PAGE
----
A Charles Bagli article makes the point that one problem with the “gamble our way to prosperity” economic development strategy is that it doesn’t work well if everyone does it simultaneously:
The Marcuses’ three-day pilgrimage had taken them across a region suddenly awash in slot parlors and Las Vegas style casinos, what with New York, New Jersey, Connecticut, Delaware and Pennsylvania getting in on the action. And the competition between the gambling halls is growing fiercer.
Mount Airy, the working-class resort once known for its red heart-shaped bathtubs, is one of three dozen combatants in a market where the only way to survive is by taking customers from a rival.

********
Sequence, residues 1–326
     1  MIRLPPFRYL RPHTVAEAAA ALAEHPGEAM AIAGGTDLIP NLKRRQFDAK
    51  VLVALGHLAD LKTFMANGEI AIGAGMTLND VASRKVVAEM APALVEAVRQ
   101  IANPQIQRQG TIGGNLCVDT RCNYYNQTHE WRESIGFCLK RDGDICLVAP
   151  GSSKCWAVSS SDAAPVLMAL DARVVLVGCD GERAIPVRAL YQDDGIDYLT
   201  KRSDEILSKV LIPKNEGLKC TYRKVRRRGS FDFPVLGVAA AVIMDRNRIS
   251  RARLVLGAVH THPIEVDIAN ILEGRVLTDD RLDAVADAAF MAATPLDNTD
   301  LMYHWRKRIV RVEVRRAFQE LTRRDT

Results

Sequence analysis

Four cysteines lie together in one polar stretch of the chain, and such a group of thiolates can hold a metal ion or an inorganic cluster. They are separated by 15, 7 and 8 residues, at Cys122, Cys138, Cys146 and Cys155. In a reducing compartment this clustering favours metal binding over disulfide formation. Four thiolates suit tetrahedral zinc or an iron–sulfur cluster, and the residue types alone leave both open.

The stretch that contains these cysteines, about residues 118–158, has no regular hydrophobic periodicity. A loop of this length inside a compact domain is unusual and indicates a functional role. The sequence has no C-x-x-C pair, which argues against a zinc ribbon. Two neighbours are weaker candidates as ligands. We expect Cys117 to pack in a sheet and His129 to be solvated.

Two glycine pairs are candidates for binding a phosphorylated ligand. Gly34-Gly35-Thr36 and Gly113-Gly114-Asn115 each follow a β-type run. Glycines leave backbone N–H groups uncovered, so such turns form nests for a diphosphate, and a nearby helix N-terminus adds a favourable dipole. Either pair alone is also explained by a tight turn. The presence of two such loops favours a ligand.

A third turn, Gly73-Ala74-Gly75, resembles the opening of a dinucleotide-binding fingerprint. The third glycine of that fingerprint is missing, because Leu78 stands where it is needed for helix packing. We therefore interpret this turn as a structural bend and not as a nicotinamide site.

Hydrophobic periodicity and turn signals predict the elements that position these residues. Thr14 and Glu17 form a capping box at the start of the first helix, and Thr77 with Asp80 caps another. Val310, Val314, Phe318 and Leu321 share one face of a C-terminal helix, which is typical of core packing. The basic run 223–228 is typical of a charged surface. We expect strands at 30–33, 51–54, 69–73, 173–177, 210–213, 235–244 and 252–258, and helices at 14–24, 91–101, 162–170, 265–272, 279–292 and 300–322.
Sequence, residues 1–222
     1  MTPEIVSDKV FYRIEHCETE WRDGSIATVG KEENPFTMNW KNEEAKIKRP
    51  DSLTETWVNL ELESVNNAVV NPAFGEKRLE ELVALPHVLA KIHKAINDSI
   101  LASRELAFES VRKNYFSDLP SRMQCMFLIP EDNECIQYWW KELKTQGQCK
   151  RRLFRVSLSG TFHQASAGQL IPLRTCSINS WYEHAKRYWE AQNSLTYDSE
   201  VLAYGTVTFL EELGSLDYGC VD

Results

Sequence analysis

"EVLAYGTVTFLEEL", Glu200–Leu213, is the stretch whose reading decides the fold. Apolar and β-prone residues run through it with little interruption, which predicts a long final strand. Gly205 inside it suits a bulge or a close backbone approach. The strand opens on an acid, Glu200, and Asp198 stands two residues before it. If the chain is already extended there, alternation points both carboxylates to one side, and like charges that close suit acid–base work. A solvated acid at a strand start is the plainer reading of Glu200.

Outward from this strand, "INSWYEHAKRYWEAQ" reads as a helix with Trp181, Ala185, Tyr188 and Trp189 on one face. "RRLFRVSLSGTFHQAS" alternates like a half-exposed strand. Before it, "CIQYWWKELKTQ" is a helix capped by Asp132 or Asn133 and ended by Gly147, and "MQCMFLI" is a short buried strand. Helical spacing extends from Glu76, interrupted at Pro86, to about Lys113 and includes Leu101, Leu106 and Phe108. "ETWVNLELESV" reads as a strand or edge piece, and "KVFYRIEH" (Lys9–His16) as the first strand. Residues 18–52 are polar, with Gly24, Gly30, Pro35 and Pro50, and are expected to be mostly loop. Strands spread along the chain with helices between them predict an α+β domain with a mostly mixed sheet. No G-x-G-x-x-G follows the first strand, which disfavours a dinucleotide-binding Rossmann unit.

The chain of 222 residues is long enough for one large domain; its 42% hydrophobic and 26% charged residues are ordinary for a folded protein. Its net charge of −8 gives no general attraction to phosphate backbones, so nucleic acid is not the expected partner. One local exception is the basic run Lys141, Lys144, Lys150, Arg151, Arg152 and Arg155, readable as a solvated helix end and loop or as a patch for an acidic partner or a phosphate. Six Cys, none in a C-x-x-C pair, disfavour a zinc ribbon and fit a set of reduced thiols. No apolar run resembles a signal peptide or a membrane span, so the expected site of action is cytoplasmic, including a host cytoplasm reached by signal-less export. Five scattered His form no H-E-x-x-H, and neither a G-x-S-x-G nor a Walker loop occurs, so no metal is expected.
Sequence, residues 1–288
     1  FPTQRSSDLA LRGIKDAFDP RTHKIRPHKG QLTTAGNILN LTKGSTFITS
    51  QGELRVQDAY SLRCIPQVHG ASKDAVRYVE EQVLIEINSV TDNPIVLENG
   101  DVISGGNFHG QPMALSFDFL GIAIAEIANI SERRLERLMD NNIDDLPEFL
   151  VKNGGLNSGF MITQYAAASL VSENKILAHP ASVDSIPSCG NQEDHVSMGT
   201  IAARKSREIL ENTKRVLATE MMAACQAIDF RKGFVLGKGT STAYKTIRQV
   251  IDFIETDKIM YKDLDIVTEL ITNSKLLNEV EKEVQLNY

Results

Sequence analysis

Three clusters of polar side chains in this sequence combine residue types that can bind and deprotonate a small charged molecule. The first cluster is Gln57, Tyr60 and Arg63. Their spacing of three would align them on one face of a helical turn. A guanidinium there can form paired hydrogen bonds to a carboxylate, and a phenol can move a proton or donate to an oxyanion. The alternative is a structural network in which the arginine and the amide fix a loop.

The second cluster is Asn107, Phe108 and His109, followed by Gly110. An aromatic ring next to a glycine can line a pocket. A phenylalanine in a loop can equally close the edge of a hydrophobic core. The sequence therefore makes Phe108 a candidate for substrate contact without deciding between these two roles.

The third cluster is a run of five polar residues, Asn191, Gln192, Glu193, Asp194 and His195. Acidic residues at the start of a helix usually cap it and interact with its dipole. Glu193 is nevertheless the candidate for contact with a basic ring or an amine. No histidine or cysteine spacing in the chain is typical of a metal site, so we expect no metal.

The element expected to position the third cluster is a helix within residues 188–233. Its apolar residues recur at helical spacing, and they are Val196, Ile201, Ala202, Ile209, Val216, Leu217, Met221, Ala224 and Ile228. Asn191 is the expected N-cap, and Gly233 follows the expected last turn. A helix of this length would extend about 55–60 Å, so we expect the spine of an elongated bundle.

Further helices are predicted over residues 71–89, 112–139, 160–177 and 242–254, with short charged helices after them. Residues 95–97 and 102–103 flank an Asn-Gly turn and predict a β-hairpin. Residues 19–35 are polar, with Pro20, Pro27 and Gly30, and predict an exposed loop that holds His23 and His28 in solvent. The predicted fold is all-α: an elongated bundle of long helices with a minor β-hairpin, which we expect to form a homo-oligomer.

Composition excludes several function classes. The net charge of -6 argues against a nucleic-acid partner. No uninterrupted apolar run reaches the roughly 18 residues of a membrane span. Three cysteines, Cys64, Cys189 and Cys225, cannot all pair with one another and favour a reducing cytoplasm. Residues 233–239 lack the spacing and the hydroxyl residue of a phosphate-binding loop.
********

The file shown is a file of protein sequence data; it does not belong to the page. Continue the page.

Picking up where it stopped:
New Jersey is so worried about a $1 billion drop in annual revenue at its 11 Atlantic City casinos that Gov. Chris Christie proposed a state takeover of the gambling district and a large cash infusion to rejuvenate the beachfront resort.
Maybe at some point increasingly intense competition will inspire someone to stop offering less-terrible odds? The only thing that really puzzles me in this policy space is some jurisdictions’ proclivity for legalizing video poker and slots without legalizing table games. The same paternalistic considerations (ultimately unpersuasive in my view, but I see where people are coming from) should apply either way, but at least with table games you get jobs.